“I never saw her again after that sweet summer blues night. I believe she's probably on assignment somewhere else ...

“When dance/is the only way/it might seem/to light this night

“and a beauty blues angel

“blesses a stranger/with her soft grace,

“it might sway/even what seemed

“lost

“back to beauty/felt blessed again.”

Favorite

From the ArkTimes store

Comments

Subscribe to this thread:

Add a comment

More by Fritz Brantley

  • Words, Dec. 20

    Introducing an old movie on the old movie channel the other night, the host told an old story. The story is untrue, although I suppose the host, semi-old, believed it.
    • Dec 20, 2007
  • He talks, and talks, the talk

    A fellow posted an old newspaper article on his blog about a Mike Huckabee speech to a religious group in 1998. A friend faxed the article to me, then called to ask if I’d yet read it, which I had.
    • Dec 20, 2007
  • Going whole hog

    A Q&A with irreverent Arkansas-raised comedian Matt Besser
    • Dec 20, 2007
  • More »

More by Arkansas Times Staff

Readers also liked…

  • I'm sorry

    I'm sorry we stood by while your generation's hope was smothered by $1.3 trillion in student loan debt, just because you were trying to educate yourselves enough to avoid falling for the snake oil and big talk of a fascist.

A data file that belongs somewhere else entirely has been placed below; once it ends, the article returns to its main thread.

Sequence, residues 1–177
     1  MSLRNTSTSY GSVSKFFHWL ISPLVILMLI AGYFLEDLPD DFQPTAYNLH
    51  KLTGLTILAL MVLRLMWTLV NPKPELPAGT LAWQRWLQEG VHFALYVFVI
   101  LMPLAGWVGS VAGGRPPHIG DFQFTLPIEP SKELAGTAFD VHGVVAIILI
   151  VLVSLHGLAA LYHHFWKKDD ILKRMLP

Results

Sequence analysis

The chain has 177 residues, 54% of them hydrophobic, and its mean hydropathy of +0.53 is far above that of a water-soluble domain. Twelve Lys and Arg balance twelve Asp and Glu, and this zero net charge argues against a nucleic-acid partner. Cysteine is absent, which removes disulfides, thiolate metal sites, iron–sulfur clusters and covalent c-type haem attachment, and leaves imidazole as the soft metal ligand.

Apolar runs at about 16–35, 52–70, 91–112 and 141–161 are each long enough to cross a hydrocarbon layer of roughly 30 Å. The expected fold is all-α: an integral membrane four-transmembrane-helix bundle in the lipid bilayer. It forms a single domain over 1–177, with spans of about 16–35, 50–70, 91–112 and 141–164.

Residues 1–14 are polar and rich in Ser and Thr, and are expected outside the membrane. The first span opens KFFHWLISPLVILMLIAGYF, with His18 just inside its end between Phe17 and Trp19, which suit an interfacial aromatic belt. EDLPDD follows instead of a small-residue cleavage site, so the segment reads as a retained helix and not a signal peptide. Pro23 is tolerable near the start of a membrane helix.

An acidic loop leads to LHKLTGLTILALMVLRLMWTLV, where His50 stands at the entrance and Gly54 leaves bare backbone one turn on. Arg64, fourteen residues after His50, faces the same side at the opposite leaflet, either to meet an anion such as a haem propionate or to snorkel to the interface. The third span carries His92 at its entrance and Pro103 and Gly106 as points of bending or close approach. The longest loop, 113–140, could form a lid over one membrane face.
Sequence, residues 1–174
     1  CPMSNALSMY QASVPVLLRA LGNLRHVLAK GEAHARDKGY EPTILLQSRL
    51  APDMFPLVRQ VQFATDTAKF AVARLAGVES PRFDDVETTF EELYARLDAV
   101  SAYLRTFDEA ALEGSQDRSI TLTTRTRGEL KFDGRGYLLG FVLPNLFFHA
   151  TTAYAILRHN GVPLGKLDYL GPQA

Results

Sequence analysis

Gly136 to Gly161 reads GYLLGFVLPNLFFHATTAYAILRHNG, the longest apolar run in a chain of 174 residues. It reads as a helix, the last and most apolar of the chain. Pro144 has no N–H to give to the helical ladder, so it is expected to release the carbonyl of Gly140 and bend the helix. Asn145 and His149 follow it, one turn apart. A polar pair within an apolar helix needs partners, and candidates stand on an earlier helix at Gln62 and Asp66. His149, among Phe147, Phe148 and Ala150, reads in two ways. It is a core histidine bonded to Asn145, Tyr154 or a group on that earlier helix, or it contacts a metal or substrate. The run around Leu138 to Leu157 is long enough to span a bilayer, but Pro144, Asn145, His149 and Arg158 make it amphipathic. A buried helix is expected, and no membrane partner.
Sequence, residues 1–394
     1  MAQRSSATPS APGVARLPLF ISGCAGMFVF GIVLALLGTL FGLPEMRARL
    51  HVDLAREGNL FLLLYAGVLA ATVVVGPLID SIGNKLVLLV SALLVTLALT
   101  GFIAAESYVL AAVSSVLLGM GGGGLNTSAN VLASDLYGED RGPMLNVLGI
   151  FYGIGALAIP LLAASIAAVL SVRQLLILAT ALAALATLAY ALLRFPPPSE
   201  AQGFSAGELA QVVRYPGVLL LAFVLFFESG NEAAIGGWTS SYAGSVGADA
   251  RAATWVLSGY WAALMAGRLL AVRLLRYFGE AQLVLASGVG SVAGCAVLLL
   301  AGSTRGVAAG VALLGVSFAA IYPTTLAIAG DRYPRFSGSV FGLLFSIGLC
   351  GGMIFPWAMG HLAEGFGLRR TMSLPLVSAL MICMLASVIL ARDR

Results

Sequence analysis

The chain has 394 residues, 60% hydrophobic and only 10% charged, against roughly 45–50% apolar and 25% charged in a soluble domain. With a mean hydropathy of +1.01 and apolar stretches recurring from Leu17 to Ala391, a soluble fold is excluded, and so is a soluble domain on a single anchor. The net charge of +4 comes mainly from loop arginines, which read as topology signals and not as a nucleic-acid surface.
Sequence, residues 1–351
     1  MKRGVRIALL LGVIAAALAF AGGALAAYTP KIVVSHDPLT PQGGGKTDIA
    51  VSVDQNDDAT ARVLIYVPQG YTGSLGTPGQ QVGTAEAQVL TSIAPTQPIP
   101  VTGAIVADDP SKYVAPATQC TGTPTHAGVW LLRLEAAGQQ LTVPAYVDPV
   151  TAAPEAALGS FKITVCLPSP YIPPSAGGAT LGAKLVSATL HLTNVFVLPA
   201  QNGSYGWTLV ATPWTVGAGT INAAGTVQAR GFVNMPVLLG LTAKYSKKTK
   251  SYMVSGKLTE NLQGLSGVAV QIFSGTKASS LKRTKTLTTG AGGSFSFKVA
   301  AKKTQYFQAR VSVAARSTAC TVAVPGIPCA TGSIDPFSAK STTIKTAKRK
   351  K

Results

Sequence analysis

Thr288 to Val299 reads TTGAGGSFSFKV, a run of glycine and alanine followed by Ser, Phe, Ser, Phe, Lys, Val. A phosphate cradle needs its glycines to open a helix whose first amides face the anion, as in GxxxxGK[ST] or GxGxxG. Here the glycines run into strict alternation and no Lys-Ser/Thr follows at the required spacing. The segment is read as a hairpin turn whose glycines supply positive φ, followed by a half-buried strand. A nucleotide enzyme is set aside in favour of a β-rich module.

• Nov 17, 2016
  • Show and tell

    The Observer is an advocate of the A+ method of integrating the arts and using creativity to teach across the curriculum, an approach that the Thea Foundation, with help from the Windgate Charitable Foundation, is offering to schools across the state.
    • Feb 25, 2016
  • Yawp

    The Observer has been in a funk lately for a number of reasons: revulsions and slights, both foreign and domestic. We get that way most years as the winter drags on, once the tinsel and colored lights of Christmas drop into the rearview, soon after we come off the New Year's Day hangover.
    • Mar 24, 2016

Most Shared